We are The Bridge Fund of New York Inc.

The mission of The Bridge Fund is to prevent homelessness for vulnerable, working poor individuals and families who are threatened with the loss of their housing, but often do not qualify for emergency government assistance.

Who we are.

Oscar S. Pollock

Chairman & Co-Founder


Mary Nan Pollock

Co-Founder


Anthony Sabia

Executive Director


Fun-loving New Yorkers or Fiercest Champions of the Working Poor?

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Oscar and Nan Pollock are co-founders of The Bridge Fund of New York Inc. which, in its first 28 years, has successfully kept more than 42,000 working poor New York and Westchester individuals in their homes. A graduate of Phillips Exeter and Harvard, Oscar is a director at Ingalls and Snyder where he has spent more than 30 years specializing in investment research and money management. His expertise inspired his passionate involvement in public policy issues in the tax area—a sideline that led to the formation of The Bridge Fund. Co-founder Nan, a Saint Louis native and a graduate of Maryville University, spent 14 years as Merchandising Director of Seventeen Magazine. Her proficiency in special events and marketing continues to inform her active fundraising. Together with a handful of other dedicated businessmen and women, Oscar and Nan have succeeded in proving that homelessness prevention is an ideal field for private sector involvement.

The Bridge Fund of Westchester

The Bridge Fund was created in 1991 in response to a severe homelessness crisis
in Westchester County.

Grace Perry, Director

of the WESTCHESTER Program.

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The Bridge Fund of
New York City

The success in Westchester led to the creation of The Bridge Fund of New York City in 1992, which now serves all 5 boroughs.

Maria Toledo, Director

of the NEW YORK CITY Program.

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“A problem that could have been solved for less than $1,000 ended up costing Westchester county $50,148 per year and the social fabric of a vulnerable person’s life was ruined.”OSCAR POLLOCK, Chairman and Co-Founder of The Bridge Fund
Ways to Donate

What we do.

We help clients better manage their finances.

  • one-on-one budget counseling
  • information and referrals to help avoid future housing crisis
  • free, bilingual money management workshops
  • Loan repayments help neighbors.

  • former clients take pride knowing their repayments are used to help others in need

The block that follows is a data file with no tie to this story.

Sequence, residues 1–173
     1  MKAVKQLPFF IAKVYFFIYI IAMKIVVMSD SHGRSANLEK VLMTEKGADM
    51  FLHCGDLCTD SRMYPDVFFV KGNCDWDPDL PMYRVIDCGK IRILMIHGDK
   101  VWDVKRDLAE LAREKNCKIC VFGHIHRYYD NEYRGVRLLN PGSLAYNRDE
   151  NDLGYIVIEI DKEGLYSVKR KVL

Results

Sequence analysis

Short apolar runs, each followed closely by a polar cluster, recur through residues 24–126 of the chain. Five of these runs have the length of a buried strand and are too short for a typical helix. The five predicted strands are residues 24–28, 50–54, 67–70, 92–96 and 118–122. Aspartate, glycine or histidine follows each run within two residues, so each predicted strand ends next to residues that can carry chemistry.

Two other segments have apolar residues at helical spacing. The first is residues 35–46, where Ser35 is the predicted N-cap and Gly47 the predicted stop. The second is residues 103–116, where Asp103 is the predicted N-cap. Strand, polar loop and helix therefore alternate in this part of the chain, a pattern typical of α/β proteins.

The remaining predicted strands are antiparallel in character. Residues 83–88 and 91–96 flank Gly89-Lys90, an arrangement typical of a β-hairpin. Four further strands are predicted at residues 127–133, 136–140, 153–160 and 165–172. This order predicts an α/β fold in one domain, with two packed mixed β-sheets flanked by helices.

• repayments are a moral rather than a legal obligation
  • 5% of The Bridge Fund annual budget is covered by client repayments
  • Long-term stability.

  • 91% of clients monitored are still in their housing one year after our assistance
  • 87% after two years
  • A Bridge Fund loan is a good investment.

    Housing a family in a public shelter costs Westchester or New York City between $50,000 to $62,000 annually, while a $2,500 Bridge Fund loan usually stabilizes a client.

    Provide financial assistance.

    Interest-free loans or grants are given to pay rental arrears to keep clients in their threatened housing.

    Our staff provides guidance and expertise.

    We support anxious clients through the housing court process and act as an advocate for clients in securing additional benefits.

    Preventing homelessness for more than 28 years.

    Since 1991. The Bridge Fund of New York Inc. has provided loans and grants of over $23 million, benefiting 42,136 individuals, including 17,998 children.
    “Homelessness for children is more than the loss of a house. It separates them from their belongings, their pets, reassuring routines, friends and community. Ongoing, chronic stress can have profound and lasting effects that may still be manifested in adulthood.”Dr Ellen Bassuk, Founder of the National Center on Family Homelessness

    Who we serve.


    Clients Are Working Poor Individuals and Families

    They work as


  • administrative support staff
  • hotel & restaurant workers
  • home care attendants
  • security guards
  • school employees


  • Bridge Fund clients have low income, high rents*


    $29,273 average annual income – Westchester
    $2,439 monthly – 47% spent on rent


    $27,984 average annual income – New York City
    $2,332 monthly – 43% spent on rent


    They are referred to the programs by


  • social service agencies
  • religious organizations
  • legal service providers
  • community groups
  • unions

  • They fall behind in their rent because


  • uninsured illness or accident
  • reduction in work hours or wages
  • loss of a rent-paying resident
  • care-giving responsibilities
  • temporary unemployment

  • Most live in rent-regulated housing, almost impossible to replace, if lost



    Children are hurt most by loss of a home*


  • 40% of Westchester clients are children
  • 31% of New York City clients are children

  • Clients are culturally diverse, like our communities*


  • 70% African American
  • 22% Hispanic
  • 6% Caucasian
  • 2% Other
  • Source: 2018 Bridge Fund Data